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Whitepaper: Today's Biggest EMS Challenges and How to Fix Them

Prior to the late 1960s, emergency medical service (EMS) in the United States didn’t exist—at least not in the manner that it is provided today. Ambulances were used to transport patients to hospitals or other healthcare facilities—and not much else. In 1960, only six states had standard education programs for rescue personnel—paramedics and emergency medical technicians didn’t come into being until the early 1970s—and only four states regulated ambulance-design specifications. By 1965, the vast majority of emergency medical services from coast to coast largely were unregulated.[1]

What’s Next? Conducting an Incident Response Review

As states begin to reopen and communities slowly return to normalcy, organizations, including mission-critical agencies, must evaluate their responses to the COVID-19 public-health crisis and leverage their experiences to prepare for future crises. Conducting an incident-response review, also called a hot wash, enables agencies to identify areas in which they performed well, as well as where their responses could use improvement. When conducted as part of an agency’s after-action reporting activities, this review can help build a better incident-response plan moving forward.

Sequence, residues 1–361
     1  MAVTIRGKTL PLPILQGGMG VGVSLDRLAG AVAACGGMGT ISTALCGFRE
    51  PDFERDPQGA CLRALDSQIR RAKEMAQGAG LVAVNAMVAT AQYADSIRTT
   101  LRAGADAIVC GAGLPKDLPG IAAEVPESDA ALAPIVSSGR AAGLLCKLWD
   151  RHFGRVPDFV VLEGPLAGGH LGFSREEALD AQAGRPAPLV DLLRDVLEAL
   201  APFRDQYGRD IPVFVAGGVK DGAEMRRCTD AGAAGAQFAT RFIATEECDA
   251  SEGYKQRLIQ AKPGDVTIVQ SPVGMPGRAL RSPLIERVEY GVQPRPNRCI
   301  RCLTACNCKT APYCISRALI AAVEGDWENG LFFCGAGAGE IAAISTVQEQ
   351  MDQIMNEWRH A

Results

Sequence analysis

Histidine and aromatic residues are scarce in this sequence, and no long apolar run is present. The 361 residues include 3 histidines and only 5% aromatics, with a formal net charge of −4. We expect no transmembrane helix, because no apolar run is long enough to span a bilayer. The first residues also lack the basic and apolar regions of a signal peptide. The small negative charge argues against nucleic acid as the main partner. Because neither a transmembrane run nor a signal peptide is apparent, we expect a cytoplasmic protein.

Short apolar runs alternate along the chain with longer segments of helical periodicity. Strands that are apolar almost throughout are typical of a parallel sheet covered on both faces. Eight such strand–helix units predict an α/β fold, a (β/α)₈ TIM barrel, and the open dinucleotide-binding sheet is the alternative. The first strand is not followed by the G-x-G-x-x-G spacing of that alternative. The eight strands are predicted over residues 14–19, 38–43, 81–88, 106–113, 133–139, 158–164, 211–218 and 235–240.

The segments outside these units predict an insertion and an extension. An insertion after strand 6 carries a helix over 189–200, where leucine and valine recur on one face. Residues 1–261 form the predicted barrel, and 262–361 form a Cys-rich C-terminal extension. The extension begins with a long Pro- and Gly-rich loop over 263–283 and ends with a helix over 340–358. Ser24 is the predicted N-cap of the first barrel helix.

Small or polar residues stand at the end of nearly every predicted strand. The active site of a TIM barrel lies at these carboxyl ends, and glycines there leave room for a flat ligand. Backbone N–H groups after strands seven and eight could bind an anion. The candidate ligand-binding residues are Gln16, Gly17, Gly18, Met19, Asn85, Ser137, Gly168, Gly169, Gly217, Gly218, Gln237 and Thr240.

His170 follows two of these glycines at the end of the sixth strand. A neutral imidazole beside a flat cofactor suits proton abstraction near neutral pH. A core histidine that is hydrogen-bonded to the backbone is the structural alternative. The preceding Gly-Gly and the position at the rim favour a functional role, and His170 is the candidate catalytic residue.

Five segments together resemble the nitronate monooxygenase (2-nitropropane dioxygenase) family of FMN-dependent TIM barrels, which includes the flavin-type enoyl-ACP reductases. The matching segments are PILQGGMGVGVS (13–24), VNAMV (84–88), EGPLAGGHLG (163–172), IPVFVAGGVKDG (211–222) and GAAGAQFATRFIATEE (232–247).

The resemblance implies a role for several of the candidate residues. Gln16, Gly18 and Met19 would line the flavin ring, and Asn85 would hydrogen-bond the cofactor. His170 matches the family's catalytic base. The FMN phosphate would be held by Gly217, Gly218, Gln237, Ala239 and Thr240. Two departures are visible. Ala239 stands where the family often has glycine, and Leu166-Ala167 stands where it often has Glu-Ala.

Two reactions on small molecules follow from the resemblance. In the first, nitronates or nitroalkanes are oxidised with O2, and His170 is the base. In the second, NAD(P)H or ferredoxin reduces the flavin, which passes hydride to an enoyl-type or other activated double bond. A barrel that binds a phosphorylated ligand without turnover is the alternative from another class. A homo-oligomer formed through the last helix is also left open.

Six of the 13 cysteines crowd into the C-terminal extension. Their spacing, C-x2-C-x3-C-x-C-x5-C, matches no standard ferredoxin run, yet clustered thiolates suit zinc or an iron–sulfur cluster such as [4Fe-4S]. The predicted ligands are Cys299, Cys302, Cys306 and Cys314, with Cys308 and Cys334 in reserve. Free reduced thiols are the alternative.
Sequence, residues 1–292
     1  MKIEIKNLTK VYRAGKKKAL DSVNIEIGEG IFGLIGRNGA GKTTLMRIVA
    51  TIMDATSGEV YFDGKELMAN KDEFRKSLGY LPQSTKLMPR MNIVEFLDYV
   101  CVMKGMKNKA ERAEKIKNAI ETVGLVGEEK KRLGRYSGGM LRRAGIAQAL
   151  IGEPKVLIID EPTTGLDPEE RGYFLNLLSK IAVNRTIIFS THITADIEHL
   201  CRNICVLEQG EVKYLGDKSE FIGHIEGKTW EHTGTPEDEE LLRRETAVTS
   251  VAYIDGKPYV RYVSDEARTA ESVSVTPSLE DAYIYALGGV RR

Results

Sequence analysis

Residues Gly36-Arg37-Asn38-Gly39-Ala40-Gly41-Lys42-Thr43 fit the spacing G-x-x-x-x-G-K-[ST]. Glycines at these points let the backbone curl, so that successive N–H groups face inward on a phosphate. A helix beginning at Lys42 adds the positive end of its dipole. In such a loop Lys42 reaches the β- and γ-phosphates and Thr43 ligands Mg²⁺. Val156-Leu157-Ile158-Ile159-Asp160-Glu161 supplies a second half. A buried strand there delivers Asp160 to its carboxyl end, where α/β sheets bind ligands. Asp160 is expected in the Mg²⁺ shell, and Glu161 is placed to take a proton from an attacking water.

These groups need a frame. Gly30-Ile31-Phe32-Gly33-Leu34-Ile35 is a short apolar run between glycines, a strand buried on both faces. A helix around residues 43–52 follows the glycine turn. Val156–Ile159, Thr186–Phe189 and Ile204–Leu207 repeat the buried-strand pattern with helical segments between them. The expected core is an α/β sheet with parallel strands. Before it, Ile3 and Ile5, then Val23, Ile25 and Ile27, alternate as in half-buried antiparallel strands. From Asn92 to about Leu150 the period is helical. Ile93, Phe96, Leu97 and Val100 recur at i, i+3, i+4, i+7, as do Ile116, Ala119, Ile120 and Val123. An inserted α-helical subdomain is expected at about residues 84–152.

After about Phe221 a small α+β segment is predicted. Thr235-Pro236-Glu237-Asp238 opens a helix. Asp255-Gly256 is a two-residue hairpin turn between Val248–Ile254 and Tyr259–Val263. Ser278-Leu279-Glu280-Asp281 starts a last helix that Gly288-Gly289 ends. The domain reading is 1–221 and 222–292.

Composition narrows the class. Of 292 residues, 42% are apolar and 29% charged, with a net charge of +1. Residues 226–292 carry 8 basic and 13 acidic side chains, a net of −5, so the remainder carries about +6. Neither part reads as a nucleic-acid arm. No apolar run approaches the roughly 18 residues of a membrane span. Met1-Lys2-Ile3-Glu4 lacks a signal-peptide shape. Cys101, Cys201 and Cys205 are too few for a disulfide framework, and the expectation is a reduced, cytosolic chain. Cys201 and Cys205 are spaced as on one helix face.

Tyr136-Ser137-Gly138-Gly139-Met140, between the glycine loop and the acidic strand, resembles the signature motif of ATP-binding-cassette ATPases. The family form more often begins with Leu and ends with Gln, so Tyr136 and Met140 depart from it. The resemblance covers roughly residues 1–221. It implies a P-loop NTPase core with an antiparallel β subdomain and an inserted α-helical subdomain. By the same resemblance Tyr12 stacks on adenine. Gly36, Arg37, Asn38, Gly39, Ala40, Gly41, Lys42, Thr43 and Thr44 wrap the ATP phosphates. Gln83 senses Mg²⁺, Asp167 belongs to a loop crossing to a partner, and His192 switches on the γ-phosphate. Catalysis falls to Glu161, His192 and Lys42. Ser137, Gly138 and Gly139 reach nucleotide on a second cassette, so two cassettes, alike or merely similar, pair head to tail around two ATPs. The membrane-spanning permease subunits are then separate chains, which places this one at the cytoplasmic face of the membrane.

Strategic Planning for Public Safety

The expectations placed on public safety agencies increase every day—from doing more with smaller budgets and fewer staff to improving communications between dispatchers and emergency responders in the field, to decreasing response times and improving response outcomes. In today’s constantly evolving emergency communications landscape, the public sector can take a cue from private organizations and prioritize initiatives, goals and ideas through strategic-plan development.